Releasing a Stuck Milwaukee Hole Saw- the Complete Guide

For those of you only getting into the handy man business or are just starting out on DIY, a quick release hole saw becomes a life saver. The purpose of the arbor is to connect a hole saw to a drill chuck without letting the grip of the pilot bit go. These lifesavers are usually made of hardened metal; usually steel, and mixed with other alloys to improve the arbor’s lifespan- which would preferably be multiple hole saws. Arbors come in a wide variety of sizes as smaller ones have diameters between ½ to 1 inch, while larger ones may be as large as 8 inches in diameter. 

No matter the size and construction of your arbor- the quality of work and the effectiveness of hole saws are known for gradually deteriorating as the hole saw loses quality or decays. Thus, Milwaukee quick release hole saw arbors come in to play as this reduces the hassle of arbor detachment, speeding up your work by at least 10-20 minutes each time. In the following segment, we will discuss this procedure.

Releasing the Hole Saw From the Arbor

The issue with pindrives is that they mount the hole saw on top of the arbor in such a way that the hole saw itself is a bit wobbly due to the imperfect mount. However, this ensures that there is minimal jamming.

The hole saw itself is pretty easy to attach on top of the arbor. The best way to describe this is by saying that the arbor has a radial sprag clutch on it, just like on chucks of cordless drills. The hole saw is supposed to sit plush against the plate or tight against the thread. This ensures that there is no wobble or movement of the hole saw when the arbor is moved around. The collar on the arbor can be turned a bit so that the chuck is loosened and voila- the hole saw will immediately be removed. The plate itself does not move- rather the position of the plate is changed so that the hole saw is moved upward along the threads.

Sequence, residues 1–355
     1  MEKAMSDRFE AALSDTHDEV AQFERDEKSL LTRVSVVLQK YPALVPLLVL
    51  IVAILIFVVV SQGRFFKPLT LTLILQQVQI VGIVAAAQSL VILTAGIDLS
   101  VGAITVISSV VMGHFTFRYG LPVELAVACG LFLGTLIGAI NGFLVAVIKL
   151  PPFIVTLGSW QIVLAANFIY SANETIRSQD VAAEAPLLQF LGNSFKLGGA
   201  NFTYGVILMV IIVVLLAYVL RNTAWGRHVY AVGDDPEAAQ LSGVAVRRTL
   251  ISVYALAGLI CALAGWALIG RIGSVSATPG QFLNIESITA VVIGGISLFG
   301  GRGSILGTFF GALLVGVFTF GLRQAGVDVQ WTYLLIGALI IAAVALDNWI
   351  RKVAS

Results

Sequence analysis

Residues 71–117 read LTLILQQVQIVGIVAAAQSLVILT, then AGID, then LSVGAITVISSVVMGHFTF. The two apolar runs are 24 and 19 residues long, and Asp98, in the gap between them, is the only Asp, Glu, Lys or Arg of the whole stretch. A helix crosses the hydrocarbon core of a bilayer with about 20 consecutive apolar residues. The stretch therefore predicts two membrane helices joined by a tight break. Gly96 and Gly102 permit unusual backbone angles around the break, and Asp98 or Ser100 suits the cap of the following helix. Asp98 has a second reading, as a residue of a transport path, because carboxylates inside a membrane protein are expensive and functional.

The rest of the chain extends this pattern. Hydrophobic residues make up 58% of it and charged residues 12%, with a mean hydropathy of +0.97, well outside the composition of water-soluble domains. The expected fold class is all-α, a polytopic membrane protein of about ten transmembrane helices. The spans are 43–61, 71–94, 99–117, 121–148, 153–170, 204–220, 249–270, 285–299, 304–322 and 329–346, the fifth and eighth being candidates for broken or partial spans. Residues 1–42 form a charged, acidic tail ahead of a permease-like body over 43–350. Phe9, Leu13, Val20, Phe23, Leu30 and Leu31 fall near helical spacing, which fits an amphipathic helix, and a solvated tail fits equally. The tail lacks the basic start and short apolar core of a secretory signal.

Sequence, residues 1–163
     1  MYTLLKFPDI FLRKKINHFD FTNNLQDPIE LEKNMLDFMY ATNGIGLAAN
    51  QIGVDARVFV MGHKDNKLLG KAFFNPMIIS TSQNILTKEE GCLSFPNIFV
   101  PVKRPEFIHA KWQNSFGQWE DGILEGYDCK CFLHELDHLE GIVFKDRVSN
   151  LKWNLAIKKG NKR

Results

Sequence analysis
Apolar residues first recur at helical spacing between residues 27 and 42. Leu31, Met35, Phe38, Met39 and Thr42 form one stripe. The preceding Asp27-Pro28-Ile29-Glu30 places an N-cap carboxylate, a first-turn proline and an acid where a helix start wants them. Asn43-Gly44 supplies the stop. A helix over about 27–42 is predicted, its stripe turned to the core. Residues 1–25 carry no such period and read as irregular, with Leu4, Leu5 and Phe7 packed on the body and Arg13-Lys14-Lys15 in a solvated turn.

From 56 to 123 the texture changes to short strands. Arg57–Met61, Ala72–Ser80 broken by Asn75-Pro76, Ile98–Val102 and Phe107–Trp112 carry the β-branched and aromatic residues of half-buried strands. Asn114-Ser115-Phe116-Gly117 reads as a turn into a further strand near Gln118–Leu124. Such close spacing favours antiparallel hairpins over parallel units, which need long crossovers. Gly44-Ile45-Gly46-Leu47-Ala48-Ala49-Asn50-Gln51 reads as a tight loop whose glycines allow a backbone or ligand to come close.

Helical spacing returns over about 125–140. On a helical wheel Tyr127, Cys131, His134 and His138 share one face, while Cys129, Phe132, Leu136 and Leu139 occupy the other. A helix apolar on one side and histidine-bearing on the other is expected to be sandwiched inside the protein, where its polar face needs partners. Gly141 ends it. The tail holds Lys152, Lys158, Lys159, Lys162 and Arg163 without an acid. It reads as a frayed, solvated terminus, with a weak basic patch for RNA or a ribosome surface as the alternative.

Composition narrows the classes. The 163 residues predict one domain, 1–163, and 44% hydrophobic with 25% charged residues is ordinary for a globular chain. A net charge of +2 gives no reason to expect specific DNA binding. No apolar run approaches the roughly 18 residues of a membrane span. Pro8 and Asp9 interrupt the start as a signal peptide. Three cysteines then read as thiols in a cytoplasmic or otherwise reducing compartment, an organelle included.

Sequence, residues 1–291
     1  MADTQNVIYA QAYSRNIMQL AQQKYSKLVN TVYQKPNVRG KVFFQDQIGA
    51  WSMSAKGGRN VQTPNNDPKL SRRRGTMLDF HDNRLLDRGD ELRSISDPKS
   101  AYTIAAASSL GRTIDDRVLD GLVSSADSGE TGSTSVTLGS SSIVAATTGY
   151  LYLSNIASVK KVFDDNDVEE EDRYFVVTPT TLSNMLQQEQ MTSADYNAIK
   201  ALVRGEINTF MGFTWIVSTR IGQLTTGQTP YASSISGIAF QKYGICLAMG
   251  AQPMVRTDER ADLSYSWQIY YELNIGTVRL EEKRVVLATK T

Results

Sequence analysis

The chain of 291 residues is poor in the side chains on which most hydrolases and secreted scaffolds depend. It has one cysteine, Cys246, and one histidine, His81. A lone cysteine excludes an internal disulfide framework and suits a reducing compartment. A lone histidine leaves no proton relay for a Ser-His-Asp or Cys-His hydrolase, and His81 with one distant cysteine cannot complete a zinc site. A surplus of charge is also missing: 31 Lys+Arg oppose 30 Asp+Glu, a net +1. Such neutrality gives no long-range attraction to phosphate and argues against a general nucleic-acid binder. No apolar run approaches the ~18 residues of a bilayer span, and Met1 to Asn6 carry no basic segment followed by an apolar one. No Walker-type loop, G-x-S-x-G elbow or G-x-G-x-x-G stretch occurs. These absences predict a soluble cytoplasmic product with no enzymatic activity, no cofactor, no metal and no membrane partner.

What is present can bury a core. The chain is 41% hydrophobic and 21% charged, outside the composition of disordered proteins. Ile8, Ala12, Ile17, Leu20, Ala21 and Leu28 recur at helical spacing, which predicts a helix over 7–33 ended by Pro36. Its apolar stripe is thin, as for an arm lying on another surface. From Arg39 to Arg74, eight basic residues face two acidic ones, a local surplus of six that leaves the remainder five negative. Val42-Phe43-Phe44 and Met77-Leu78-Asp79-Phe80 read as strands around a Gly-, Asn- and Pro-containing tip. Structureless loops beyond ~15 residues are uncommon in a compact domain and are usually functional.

Removing a Stuck Hole Saw

Step 1: Tapping

The first thing to do when the bit itself is stuck is to take the bit and lightly tap it with a hammer. The purpose of this process is to initiate some stress inside the bit which ensures easier ejection. The taps on the hole saw need to be along the bottom perimeter of the hole saw as this operation pushes the bit upwards away from the position it is stuck in. Do not hit the hole saw too hard as this will likely damage both the arbor and the drill.

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Step 2: Pulling

To complete this step, you need to put a long-tipped screwdriver through the cutouts of the hole saw. It is important to secure the shaft of the arbor inside a vise before putting the screwdriver through. You can then crank on the shaft of the screwdriver to make the hole saw come loose.

Step 3: Clamping (For hole saws without cutouts)

For stubborn hole saws or ones without cutouts, a vise and an impact wrench may be used. The end of the hole saw needs to be secured into a vise carefully. Then an impact wrench may be used to pry the hole saw loose.

Read: How to Use a Hole Saw Without a Pilot Bit: A Simple Guide

This video might help


It is normal to get your hole saw stuck in different situations and there is no easy way to get around this. A simple solution would be to get a quick release hole saw, but that would put you back a few bucks more.

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